For years, students at the University of North Carolina at Chapel Hill have been asking school leaders to change the name of Saunders Hall, named after a former trustee who was a leader of the Ku Klux Klan.
Last month, some stood outside the building with nooses around their necks and signs such as “THIS is what SAUNDERS would do to ME.”
On Wednesday, the public university’s board of trustees responded, with an invitation: It asked to hear from students, faculty, alumni and others. A student leader wrote this:
At many colleges, officials are struggling with how to balance a school’s history with the views of the people who live and work there now.
William Saunders was a colonel in the Confederate army; when he later served as secretary of state he took steps to publish the colonial records of North Carolina. Decades later, UNC officials decided to honor that contribution by naming a new building housing its history department after him. In 1922, perhaps it was his gift to scholars that resonated with people. But for many students today it is jarring, to say the least, to have such a prominent monument to a leader of a violent hate group.
As at every campus where similar issues have been debated, some see a name change as a simple fix that could have a profound effect. Others see empty symbolism, or a whitewashing of history.
But with national events such as the shooting in Ferguson, Mo., setting off strong emotions about race, those campus protests have picked up urgency.
Students recently protested at Clemson University, where its iconic Tillman hall was named for a politician who was a powerful white supremacist.
Last month, Clemson University Board of Trustees Chairman David H. Wilkins announced it would not rename the building, saying there were more concrete ways to ensure that all students feel welcome and included on campus.
“We believe that other, more meaningful, initiatives should be implemented that will have more of an impact on the diversity of our campus than this symbolic gesture,” he said in a statement.
“Every great institution is built by imperfect craftsmen. Stone by stone they add to the foundation so that over many, many generations, we get a variety of stones. And so it is with Clemson. Some of our historical stones are rough and even unpleasant to look at. But they are ours and denying them as part of our history does not make them any less so. For that reason, we will not change the name of our historical buildings. Part of knowledge is to know and understand history so you learn from it.”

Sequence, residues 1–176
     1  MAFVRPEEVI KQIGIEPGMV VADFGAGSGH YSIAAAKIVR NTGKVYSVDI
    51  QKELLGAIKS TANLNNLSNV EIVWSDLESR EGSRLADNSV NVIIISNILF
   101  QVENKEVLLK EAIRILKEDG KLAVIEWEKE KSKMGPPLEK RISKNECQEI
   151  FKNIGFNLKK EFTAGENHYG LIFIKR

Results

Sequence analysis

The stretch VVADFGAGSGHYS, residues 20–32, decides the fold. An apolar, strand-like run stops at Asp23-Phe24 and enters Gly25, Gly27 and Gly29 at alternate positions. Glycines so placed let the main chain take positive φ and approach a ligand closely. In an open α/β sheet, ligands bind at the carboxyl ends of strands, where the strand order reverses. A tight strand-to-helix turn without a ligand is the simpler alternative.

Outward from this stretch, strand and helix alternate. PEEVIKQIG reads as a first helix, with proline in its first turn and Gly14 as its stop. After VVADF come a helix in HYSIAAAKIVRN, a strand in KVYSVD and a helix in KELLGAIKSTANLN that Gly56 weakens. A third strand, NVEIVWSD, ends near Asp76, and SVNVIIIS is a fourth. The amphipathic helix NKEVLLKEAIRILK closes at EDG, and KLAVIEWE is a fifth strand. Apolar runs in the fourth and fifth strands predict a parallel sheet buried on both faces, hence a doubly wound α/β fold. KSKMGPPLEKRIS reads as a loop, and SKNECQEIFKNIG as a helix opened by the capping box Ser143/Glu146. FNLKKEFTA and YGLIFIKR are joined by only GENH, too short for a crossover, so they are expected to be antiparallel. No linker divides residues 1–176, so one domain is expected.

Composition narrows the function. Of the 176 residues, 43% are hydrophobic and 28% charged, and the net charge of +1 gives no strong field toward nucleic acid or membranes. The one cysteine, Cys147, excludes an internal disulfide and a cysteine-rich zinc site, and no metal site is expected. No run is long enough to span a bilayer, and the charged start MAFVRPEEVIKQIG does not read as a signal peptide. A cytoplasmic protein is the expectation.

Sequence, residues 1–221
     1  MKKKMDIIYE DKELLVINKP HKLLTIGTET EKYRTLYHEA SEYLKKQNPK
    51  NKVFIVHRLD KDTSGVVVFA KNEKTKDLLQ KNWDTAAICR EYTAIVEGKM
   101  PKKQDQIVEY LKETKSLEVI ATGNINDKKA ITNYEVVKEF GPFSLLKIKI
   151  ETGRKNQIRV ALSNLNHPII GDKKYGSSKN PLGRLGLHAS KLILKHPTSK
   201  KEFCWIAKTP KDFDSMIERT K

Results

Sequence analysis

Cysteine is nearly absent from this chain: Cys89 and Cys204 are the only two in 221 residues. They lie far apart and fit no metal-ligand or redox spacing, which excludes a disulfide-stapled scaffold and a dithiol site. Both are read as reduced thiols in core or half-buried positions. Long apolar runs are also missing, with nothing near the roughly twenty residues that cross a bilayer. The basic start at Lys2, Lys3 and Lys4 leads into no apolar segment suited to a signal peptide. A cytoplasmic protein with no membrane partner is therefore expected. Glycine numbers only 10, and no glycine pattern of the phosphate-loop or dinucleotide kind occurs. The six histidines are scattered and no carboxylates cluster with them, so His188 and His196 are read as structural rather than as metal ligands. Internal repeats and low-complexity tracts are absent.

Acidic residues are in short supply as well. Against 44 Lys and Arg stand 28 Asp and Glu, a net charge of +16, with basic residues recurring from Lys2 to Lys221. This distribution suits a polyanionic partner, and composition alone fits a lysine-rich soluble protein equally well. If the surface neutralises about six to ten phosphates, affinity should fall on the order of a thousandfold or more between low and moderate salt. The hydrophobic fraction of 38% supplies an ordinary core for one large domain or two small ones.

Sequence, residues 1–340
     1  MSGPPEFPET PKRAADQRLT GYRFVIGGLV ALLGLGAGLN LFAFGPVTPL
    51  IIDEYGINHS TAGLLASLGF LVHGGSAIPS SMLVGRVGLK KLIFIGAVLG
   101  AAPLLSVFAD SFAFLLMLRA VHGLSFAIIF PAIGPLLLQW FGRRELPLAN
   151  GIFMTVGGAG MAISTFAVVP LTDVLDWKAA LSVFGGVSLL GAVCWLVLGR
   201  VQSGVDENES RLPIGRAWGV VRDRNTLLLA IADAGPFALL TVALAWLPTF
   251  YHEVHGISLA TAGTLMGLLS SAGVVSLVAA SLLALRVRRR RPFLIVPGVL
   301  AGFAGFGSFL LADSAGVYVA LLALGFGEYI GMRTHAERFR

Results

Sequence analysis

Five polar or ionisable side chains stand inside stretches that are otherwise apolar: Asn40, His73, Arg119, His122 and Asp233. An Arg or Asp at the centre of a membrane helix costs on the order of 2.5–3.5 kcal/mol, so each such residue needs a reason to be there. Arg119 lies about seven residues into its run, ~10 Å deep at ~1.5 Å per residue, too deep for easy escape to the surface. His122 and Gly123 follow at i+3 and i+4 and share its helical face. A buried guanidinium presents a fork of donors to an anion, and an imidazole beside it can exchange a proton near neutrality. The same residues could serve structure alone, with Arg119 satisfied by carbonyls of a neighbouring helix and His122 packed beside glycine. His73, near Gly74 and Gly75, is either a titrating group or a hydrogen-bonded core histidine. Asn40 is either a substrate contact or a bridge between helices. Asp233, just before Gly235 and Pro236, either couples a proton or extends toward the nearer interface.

For example, Brown University, founded by a slave owner, recently took on its complicated past with a series of initiatives.
At UNC, student protesters proposed that Saunders Hall be renamed in honor of the writer Zora Neale Hurston, who was the first black student at Carolina before integration.
For Tasia Harris, a senior from Brooklyn, it’s just one more reminder that black students are not always welcome there. “There is a lot of pushback, on Yik Yak, online; people will say hurtful things about this campaign or about students of color in general.
“That goes to show it’s not about Saunders or some kind of past history,” she said, adding that it shows racism is part of the foundation of the school, something that continues into the present.
“Students have been talking about this issue a long time,” she said, but from school officials “there has been an unwillingness to acknowledge how hateful and violent these sites are.” Because the board has so many older white men on it, she said, it may be difficult for it “to really conceive what it’s like to be a student of color or woman of color on campus and walk past Saunders Hall.”
On Wednesday, UNC leaders made the debate much more public, in the board meeting — where some speakers defended the name and others called for it to be changed — and online:
The board suggested that people share their thoughts here from now until April 25.